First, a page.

On April 13, 1962, America’s last night boat service ended as the Old Bay Line’s steamers made their final voyages on the waters of the Chesapeake Bay, ending service between Baltimore and Norfolk.
Known officially as the Baltimore Steam Packet Company, which had come to be known as the Old Bay Line, it had been doing its thing since the company’s founding in 1840. At the time of its demise, at the age of 122, the Old Bay Line was the oldest steamship company in the country.
At one time, packet ships were commonplace on the Chesapeake Bay. They were, after all, the most efficient means of travel between their many ports of call before the automobile and even for quite a while following that.
Video History of the Old Bay Line
The railroads could not truly compete in these environs, as the large bay and its many tributaries prevented direct routes. Indeed, railroads relied upon packet vessels to offer connections. It’s no surprise, then, that many of the packet lines – including this one – were eventually owned substantially by railroads.
Happily, I can remember the final glory years of the Old Bay Line. I can say, too, that of the Chesapeake Bay, the Old Bay Line was so much a part of the bay itself that many considered it to BE the Chesapeake Bay.
My exposure to the Old Bay Line was during the summer of 1961, a year before the company ended service. I was off from school and visiting my cousin in Baltimore. We sailed to Norfolk on the City of Norfolk. The ship ran overnight between Baltimore and Norfolk, carrying passengers, automobiles, and freight. We arrived early at the wharf in downtown Baltimore to see my cousin’s new VW Beetle was safely aboard.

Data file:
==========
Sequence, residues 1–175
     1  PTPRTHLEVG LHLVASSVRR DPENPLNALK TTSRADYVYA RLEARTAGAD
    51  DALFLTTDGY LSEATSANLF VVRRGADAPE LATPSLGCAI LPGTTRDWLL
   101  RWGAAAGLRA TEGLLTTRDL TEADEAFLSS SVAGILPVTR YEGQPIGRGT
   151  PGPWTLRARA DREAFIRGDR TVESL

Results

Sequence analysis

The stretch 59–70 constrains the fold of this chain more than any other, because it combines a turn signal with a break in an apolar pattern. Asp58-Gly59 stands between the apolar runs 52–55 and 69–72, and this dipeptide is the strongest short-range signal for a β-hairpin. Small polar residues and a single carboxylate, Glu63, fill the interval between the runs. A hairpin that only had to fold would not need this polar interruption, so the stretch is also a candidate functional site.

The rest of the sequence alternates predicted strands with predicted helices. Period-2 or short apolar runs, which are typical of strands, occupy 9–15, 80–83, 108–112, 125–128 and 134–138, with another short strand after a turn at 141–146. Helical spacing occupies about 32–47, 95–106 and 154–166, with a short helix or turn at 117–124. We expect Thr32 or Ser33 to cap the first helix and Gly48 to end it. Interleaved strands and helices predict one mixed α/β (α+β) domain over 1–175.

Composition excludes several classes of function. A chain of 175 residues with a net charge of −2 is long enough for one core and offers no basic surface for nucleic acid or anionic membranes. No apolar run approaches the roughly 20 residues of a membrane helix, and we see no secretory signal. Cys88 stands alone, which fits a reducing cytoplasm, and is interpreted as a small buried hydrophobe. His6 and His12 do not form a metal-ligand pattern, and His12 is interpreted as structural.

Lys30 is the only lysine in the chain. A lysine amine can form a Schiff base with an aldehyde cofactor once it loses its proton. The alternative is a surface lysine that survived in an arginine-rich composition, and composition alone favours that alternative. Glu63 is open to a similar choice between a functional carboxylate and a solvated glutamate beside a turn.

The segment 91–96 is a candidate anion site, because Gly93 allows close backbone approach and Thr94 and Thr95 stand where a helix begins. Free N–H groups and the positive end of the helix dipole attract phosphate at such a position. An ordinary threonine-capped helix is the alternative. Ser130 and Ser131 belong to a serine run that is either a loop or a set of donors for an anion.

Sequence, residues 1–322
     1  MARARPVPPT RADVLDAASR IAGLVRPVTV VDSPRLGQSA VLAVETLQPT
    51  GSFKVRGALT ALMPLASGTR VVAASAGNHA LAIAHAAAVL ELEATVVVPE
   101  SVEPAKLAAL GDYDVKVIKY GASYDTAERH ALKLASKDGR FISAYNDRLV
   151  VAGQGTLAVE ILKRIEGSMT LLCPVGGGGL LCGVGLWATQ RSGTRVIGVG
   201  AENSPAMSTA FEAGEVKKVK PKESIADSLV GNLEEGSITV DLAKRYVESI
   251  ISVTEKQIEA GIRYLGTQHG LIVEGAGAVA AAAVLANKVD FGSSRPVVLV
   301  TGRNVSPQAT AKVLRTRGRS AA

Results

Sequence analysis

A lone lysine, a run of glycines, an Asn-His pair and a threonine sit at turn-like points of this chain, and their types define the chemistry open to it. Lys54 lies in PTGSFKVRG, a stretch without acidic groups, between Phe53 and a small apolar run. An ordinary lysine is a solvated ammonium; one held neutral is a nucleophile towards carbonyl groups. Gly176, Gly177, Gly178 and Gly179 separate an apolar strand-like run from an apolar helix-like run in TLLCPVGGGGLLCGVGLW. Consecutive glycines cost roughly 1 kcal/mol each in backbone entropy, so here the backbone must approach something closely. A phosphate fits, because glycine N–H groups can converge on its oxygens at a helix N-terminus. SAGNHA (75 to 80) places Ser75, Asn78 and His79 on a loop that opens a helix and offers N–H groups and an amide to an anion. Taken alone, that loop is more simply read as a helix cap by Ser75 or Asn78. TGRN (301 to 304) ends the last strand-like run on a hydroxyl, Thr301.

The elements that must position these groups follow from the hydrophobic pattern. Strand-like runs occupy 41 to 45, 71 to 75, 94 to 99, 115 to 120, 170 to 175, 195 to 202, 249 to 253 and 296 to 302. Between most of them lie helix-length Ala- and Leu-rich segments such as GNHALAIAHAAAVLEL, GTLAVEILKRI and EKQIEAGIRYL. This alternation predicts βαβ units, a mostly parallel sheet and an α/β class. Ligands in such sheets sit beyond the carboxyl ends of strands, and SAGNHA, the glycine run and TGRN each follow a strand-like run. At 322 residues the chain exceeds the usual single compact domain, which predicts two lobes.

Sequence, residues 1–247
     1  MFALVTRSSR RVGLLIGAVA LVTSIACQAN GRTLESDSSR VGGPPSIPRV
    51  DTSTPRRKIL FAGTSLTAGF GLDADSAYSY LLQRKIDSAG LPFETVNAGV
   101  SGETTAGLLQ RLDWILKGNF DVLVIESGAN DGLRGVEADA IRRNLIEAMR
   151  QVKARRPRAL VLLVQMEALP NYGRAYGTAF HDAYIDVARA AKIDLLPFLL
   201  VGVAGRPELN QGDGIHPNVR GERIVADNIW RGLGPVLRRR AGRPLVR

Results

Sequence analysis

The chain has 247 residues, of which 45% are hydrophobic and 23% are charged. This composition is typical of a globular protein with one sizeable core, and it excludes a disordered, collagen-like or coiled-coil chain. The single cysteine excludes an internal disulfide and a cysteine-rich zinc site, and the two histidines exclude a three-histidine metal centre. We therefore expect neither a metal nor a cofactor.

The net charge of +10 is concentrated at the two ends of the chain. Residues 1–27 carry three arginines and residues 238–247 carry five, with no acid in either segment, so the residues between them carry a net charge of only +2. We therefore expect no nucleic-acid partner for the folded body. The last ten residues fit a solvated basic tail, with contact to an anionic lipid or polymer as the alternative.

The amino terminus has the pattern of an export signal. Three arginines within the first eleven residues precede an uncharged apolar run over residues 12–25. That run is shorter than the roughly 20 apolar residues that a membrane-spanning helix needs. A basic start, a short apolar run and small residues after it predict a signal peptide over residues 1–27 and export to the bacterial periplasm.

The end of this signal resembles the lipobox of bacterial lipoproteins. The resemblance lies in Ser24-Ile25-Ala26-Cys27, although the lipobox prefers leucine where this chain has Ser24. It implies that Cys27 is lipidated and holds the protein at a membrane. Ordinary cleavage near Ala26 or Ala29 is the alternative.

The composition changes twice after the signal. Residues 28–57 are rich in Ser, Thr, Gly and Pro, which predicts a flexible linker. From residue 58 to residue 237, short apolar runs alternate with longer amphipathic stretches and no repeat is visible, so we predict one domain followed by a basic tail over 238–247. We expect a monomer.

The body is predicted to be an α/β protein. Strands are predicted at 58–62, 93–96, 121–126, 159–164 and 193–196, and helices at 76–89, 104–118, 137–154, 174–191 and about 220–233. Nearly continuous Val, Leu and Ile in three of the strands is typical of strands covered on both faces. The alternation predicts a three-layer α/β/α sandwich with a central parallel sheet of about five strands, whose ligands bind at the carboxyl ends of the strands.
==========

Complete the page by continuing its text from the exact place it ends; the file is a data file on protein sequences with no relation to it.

At that time, the Old Bay Line had two vessels: the City of Norfolk and the City of Richmond. These ships served the route daily between Baltimore and Norfolk – one sailing north each evening and the other sailing south. Until December 1957, the Old Bay Line had the District of Columbia serving the route between Washington and Norfolk, alternating one night north and the next night south.
I can recall the announcement, “All ashore that’s going ashore,” followed by a long blast of the ship’s whistle. After settling into our stateroom, depositing our bags, flipping a coin for the upper or lower berth, we rushed onto the deck as the ship pulled away from the dock. We waved at well-wishers we didn’t know standing on the pier. We saw Baltimore’s skyline pass as we sailed south.
We headed to dinner in a brightly lighted dining saloon, where grinning, marvelously adept waiters served up traditional Chesapeake Bay dishes.
After dinner, there was shipboard horse racing. Bets were made on a dozen wooden horses. Large dice were rolled by the ship’s purser, and the ship’s stewards moved the horses along a green tarp track over the salon floor. A ship’s hostess then announced bingo and many passengers played. We headed up to the bar off the ballroom salon. There was dancing to top it off.
Then a quiet night, sleeping on the smooth Chesapeake Bay. In the morning, we had griddle cakes, eggs, bacon, and grits, in the ship’s dining room.
We disembarked from the City of Norfolk, picked up my cousin’s BMW and drove away. I remember taking a last glimpse at the night boat and felt lucky to experience something that would end the following year.
It was 1961, the second year of JFK’s term in office, and the City of Norfolk was a step back in time. Another decade, another century.
There are not very many of us today who can remember sailing on the Old Bay Line, but it was a tradition I fondly cherished. Those were the ‘Good Old Days!’
The Old Bay Line had three ships when service ended in 1962. The City of Richmond was sold but sank while being towed off North Carolina in 1964. The City of Norfolk was scrapped in 1966. The District of Columbia was renamed Provincetown with plans to use it as a restaurant, but it suffered fire damage and sank in the early 1970s.